As a general rule, DVDs of stand-up comedy arenâ€™t nearly as funny as the live show. The atmosphere isnâ€™t the same in a living room as it is in a packed out club or venue, be it the Comedy Store in London, or New Yorkâ€™s Madison Square Garden, the latter theatre being the setting for Russell Petersâ€™ new DVD, Red, White and Brown, filmed last February to a full house.
Now close to 20 years on the comedy circuit, the Indo-Canadian comic has only recently broken through and become recognised (sporadically) around the world. His first major showcase came on Canadaâ€™s Comedy Now, and paved Petersâ€™ route to fame, albeit through illegal downloads and word of mouth.
His comedy crafted out of impersonation, racial observations and his youth, Russell has gained a sizeable UK and North American fanbase, supported by his sold-out night at Londonâ€™s O2 and sell-out dates through India, Dubai and Canada. His shows have become characterised largely by his mockery of Asian cultures and disregard for most social taboos, and thereâ€™s little change in his second DVD outing.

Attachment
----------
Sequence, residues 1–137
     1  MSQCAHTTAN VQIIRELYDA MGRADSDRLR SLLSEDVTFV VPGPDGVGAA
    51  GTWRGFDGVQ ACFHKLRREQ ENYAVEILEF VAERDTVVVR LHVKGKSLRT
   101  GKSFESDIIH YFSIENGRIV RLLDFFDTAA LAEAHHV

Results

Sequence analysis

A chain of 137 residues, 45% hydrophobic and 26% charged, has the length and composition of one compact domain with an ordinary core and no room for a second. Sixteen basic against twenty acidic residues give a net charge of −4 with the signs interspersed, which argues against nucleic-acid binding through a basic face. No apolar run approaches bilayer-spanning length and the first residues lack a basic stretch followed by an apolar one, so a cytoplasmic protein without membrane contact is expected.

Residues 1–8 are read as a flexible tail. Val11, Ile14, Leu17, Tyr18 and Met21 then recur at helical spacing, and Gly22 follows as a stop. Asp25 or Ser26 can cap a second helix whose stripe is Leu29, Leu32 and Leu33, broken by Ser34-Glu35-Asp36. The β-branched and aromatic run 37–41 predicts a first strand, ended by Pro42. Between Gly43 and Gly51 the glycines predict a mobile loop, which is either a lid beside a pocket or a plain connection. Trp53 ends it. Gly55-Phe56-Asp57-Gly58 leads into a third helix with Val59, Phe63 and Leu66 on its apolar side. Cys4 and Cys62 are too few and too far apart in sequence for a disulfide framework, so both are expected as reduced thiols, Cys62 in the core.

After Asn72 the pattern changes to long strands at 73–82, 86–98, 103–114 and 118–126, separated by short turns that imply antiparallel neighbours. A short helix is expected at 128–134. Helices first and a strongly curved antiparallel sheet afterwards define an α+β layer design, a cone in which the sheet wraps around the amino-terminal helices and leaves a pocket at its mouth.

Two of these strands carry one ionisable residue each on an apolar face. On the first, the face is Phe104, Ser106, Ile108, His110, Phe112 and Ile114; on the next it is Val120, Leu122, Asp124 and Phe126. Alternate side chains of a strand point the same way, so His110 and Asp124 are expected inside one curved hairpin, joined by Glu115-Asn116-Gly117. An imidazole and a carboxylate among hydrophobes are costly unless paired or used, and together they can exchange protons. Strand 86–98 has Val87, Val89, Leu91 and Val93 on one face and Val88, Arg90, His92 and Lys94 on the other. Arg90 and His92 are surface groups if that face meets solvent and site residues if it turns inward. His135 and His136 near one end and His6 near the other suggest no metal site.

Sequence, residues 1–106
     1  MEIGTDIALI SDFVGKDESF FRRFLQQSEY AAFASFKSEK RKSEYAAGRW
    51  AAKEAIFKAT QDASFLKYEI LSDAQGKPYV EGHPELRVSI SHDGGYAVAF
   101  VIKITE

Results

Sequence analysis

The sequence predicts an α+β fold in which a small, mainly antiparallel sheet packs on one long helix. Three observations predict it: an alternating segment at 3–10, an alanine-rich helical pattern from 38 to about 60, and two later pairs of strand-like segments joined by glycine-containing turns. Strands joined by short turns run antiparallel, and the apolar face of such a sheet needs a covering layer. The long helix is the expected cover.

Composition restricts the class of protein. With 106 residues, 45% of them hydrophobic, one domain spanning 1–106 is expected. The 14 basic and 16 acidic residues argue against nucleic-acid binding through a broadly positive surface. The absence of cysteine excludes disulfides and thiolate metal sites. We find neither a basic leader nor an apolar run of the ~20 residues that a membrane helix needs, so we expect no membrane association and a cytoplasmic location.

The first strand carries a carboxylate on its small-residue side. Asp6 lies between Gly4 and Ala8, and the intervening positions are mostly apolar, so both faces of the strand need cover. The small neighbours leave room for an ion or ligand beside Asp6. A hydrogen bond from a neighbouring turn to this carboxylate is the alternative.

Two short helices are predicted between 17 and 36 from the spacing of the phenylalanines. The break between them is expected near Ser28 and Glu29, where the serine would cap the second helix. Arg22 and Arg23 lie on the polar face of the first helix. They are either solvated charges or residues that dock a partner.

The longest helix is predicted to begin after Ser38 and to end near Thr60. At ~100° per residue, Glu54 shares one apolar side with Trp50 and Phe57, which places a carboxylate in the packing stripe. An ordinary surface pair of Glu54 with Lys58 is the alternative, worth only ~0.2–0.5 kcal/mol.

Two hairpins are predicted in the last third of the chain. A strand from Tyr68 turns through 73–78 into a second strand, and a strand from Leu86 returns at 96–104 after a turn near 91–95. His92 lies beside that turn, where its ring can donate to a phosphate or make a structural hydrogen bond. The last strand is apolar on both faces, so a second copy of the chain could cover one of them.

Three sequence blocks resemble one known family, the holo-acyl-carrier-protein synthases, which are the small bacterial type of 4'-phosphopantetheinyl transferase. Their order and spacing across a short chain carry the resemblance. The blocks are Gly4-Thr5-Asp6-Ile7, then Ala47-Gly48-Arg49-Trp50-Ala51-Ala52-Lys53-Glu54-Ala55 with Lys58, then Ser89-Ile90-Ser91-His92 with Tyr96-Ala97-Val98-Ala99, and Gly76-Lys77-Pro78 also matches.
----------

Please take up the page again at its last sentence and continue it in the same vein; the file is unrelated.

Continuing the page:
He kicks off almost immediately into his hallmarked impression of Oriental people and their supposed obsession with Dance Dance Revolution. Mixing personal experience with unashamed political incorrectness, Peters delivers laughs even from the people heâ€™s mocking.
And thatâ€™s pretty much the same line he runs throughout the show. Indians bellow laughter after repeatedly being called cheap – an example of one of the running gags Peters uses in all his shows. It is at this point where any fan of his would realise that thereâ€™s not going to be anything particularly new in his routine. The same subjects from his Comedy Now breakthrough are regurgitated here, just a few jokes updated and changed, with very few new matters dealt with. Case in point being the new material regarding his visit to the Middle East, which, though still funny, doesnâ€™t move away enough from his older stuff.
However, this is all said from a person experienced in his comedic stylings. Anyone new to Russell will find plenty to laugh about. Despite the aforementioned problems, he still is unique in his ability to provide colour commentary (metaphorically and literally) with almost any subject unspeakable in normal conversation. Even with his mother in the audience, he ventures into yarns about his sexual misadventures, his fear of deaf people and lack of Indian culture, not to mention more serious topics of media influence and body image.
Red, White and Brown delivers a complete snapshot of Russell Petersâ€™ stand up capability. The special features are just as much value as the feature itself, with a documentary clip on Peters, deleted scenes, bootleg show tapings and snippets from his show onboard the USS Eisenhower. A brilliant orator with wit and a keen social eye, Peters gives the audience what theyâ€™re looking for in him, but those new to him should not expect much variation anytime soon.